The first condition was to appoint a man to assist him in his work. The second and the most important of the conditions was that this enquiry be a public one. Chagla argued that it was the people’s money in question and this case was thus public.
This was just a simple case of a fraudulent financial investment of funds and nothing to do with anything lust or violence. Still the people were intrigued. The newspapers were cluttered with the latest happenings of the enquiry.
In his autobiography, Roses in December, MC Chagla narrates a funny incident. It was his idea of making the enquiry public. The people took this far too seriously. Huge crowds began gathering outside his office.
One day the crowds were so huge to handle that the Police Commissioner had to station a constable outside Chagla’s office. Everyone wanted to know what was going on inside.
One day the constable had had enough of telling people what’s what. So sick was he, that he installed a loudspeaker attached to a microphone inside the office. It was not until afternoon that Chagla got to know of this. He was quite amused although the constable had taken things a little too far. To do his duty, Chagla told the constable off and asked him to remove the loudspeakers at once.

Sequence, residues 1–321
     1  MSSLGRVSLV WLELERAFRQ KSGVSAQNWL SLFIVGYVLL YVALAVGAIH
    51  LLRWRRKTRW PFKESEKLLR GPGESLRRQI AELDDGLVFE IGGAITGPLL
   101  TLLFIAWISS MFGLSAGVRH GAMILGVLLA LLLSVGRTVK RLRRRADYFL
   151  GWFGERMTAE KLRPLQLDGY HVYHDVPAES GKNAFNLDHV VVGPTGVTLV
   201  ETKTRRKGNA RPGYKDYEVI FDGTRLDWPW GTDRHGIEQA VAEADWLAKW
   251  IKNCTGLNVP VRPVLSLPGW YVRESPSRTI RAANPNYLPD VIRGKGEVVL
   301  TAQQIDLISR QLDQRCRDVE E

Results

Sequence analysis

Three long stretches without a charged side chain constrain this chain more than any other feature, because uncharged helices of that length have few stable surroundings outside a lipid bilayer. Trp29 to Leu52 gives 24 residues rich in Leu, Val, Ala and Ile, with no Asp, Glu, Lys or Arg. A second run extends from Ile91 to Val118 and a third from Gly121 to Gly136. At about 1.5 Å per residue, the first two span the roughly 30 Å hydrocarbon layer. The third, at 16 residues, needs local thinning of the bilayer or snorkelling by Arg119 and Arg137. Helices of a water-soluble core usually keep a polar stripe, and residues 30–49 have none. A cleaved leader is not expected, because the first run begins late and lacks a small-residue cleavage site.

A Lot of Busy Work
MC Chagla what’s a busy man, after all he was the Chief Justice of India. But he took his work seriously. He dedicated five hours of his day to the enquiry.
Chagla knew that Haridas Mundhra was not a man of high values. Haridas Mundhra had some shady businesses and an ‘understanding’ about his taxes. The businesses owned by him were not doing so well. To trust Haridas Mundhra in financial matters was almost foolhardy. What had had actually happened was what MC Chawla was interested in. He tried not to cloud his judgement by the facts he knew about Haridas Mundhra.
In one of its questioning sessions, Chagla interviewed the Finance Minister T. T. Krishnamachari and the Finance Secretary HK Patel. And then he came across the main culprit of it all Haridas Mundhra.
The Man That Was Haridas Mundhra
In his own memoirs, Chagla recalls Haridas Mundhra to be a self absorbed, smug and almost shameless man. During his interview, Haridas Mundhra seemed more happy than sorry. He looked to be satisfied by the amount of popularity the scandal had brought upon him. He didn’t seem to care that he was behind this entire operation. Such was the man who had made the Finance Ministry invest in his six companies. Do you think you could trusted such a man?
The MC Chagla’s commission, a one man commission, has always been underrated in our history. You will be surprised to know that this commission which worked in 1958 was probably the most efficient commission in the history of India. MC Chagla finished his enquiry in a startling 24 days. This only talks about this man’s efficiency. In his own humble words MC Chagla said “By nature I like to have quick results, and if I undertake a job I feel compelled to finish it as soon as I possibly can.”
Chagla had finished his enquiry involving a sum of 1.24 crores in 24 days. For comparison 1.24 crores in 1958 would be about Rs 33,21,53,281 in today’s value.